MGM recovery gains steam as the loss decreases. The CEO sees a strong demand for recreation to come.


MGM’s CEO expects strong demand for recreation this spring and summer as the pandemic subsides.

Ethan Miller / Getty Images

Text size

Things are looking for

MGM Resorts International.

The casino operator on Wednesday reported a smaller loss in the first three months of 2021 than in each of its previous three quarters, aided by improving leisure activities in Las Vegas and regional gaming markets sustainable as the pandemic abates.

The Las Vegas-based company lost 68 adjusted cents per share in the quarter, down from a loss of 45 cents a year earlier, as consolidated net income fell 27% year-on-year to 1.6 billion dollars.

“In Las Vegas and at our regional properties, our initial recovery was strong,” CEO Bill Hornbuckle told analysts on the first quarter conference call Wednesday night. “It was great to see Las Vegas come back to life in the vibrant destination we have all come to know and love.”

Although it has a portfolio of regional properties and a relatively small operation in China,

MGM Resorts International

(ticker: MGM) is perhaps best known for some of its signature properties on the Las Vegas Strip such as the Bellagio, Mandalay Bay, and New York-New York.

Looking ahead, Hornbuckle said he expects “strong demand for recreation throughout the spring and summer with hotel occupancy rates of around 90% on weekends. . “

The first quarter room occupancy rate for properties on the Las Vegas Strip was 46%, compared to 38% in the fourth quarter. The occupancy rate in March was 62%. “Our occupancy rate on the Las Vegas Strip last weekend was around 73%,” CFO Jonathan Halkyard said.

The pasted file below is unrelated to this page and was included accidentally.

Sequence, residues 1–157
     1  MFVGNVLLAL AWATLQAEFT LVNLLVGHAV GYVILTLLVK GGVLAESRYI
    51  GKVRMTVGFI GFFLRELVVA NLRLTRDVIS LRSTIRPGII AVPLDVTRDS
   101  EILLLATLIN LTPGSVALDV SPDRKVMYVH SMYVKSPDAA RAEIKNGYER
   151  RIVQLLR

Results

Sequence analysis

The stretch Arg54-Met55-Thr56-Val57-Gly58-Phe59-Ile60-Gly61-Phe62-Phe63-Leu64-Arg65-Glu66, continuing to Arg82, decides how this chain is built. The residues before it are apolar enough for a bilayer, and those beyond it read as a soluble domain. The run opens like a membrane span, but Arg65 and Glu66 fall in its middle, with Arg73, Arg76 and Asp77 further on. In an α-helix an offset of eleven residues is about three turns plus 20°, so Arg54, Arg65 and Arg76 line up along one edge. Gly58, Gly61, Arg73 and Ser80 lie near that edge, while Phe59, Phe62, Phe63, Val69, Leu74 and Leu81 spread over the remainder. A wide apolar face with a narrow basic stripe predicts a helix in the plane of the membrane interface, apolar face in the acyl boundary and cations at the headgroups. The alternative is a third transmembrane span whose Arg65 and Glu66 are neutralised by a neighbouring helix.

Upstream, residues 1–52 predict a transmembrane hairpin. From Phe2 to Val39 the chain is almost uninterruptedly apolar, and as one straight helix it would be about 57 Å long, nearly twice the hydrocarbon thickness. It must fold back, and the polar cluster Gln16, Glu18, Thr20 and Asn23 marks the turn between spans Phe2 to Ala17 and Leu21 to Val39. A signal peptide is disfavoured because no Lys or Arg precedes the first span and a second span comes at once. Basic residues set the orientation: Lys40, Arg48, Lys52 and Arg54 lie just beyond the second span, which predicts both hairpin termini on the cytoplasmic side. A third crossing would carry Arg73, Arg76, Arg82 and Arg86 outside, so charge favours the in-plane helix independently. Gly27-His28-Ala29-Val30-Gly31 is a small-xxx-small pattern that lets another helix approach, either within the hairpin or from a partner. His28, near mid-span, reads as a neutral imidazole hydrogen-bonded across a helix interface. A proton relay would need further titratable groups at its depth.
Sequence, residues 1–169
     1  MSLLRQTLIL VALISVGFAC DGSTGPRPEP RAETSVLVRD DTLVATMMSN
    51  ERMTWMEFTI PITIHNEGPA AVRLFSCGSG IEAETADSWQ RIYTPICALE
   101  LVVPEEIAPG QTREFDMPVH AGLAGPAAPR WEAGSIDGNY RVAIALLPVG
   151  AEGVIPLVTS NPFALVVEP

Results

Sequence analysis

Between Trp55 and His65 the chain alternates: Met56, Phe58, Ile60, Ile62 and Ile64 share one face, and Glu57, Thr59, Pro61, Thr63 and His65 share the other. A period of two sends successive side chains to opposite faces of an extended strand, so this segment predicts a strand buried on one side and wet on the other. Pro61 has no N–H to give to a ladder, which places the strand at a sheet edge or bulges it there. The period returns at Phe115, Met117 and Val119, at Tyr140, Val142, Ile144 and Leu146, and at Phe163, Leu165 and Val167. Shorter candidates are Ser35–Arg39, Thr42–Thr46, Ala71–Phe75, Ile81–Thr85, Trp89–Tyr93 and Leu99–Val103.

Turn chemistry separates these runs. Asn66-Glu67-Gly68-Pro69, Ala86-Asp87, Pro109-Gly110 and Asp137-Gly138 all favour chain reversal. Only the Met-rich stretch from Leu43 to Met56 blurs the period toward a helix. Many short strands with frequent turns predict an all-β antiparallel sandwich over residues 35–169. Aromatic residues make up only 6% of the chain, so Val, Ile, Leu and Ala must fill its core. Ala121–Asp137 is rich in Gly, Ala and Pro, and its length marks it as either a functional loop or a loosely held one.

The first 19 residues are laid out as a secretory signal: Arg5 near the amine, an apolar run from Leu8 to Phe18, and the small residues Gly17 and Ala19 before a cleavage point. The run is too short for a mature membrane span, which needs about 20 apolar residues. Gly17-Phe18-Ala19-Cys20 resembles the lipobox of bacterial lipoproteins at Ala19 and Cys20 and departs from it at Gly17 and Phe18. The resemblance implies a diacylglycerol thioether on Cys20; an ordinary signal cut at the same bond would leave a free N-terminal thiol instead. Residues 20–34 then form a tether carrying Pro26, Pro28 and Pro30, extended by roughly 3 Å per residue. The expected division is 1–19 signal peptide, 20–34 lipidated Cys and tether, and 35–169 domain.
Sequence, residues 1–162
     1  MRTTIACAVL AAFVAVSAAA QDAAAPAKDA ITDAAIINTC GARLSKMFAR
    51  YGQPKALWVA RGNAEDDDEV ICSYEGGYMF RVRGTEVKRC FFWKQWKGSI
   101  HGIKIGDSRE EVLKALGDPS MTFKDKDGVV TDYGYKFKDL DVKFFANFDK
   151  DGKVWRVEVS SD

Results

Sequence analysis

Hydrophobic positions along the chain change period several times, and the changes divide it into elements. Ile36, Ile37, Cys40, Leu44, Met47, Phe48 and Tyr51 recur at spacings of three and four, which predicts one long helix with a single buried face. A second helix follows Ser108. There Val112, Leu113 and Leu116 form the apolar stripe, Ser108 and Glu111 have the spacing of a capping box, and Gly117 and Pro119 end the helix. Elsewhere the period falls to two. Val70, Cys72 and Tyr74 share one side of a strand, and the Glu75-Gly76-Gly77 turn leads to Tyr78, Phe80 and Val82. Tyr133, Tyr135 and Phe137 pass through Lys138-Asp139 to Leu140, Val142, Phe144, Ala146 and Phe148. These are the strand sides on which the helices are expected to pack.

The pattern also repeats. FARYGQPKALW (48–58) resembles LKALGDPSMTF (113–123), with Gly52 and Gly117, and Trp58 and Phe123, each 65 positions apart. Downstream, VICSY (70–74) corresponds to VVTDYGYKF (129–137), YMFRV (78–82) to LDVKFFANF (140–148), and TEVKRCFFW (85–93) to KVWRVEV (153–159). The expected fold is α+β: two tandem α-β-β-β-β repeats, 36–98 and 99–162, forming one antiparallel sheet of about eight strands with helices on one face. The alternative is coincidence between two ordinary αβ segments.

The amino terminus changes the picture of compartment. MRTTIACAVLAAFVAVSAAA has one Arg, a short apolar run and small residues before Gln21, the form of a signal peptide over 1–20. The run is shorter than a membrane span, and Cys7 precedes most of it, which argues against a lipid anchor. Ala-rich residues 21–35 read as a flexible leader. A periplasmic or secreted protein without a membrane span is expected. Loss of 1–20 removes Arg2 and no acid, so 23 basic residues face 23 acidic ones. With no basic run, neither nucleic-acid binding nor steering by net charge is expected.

However, weekday business, which relies heavily on meetings and conventions as well as group activities, continues to plummet due to the pandemic. But there are signs of improvement. World of Concrete, a major trade show typically held in January, plans to hold its trade show in June at the Las Vegas Convention Center.

Hornbuckle said that with larger groups expected to return “to large scale,” or to normal levels, in 2022, “our activities in 22 and 23 are in line with pre-Covid levels.”

The stock was at $ 43 and is trading on Thursday morning, up about 2% in pre-market trading. Stocks have gained over 30% this year.

Meanwhile, the company’s resorts on the Las Vegas Strip reported first-quarter net sales of $ 545 million, down 52% from the previous year. The company attributed this to the pandemic “and associated operational restrictions, as well as mid-week property and hotel closures at some properties.”

Adjusted real estate income before interest, taxes, depreciation, amortization and rent was $ 108 million, compared to $ 268 million in the first quarter of 2020.

The company’s regional properties, meanwhile, generated net income of $ 711 million, down just 2% year-over-year. Regional casinos are much less reliant on air travelers and tend to serve the needs of players better.

The company said it expects airlift capacity in Las Vegas to be 93% of pre-pandemic levels in June and 99% in July.

“We expect, at least the airlift, to be pretty close to what it was in previous years,” COO Sanders said.

JPMorgan analyst Joseph Greff observed in a research note that “this airlift support bodes well for the group’s return to business, which along with what is on MGM’s books for 2022 and 2023, are at pre-pandemic levels.

International travel, however, remains weak.

BetMGM, the company’s online / mobile platform for gaming and sports betting, gained market share in the first quarter, according to Halkyard.

Write to Lawrence C. Strauss at [email protected]


About Author

Comments are closed.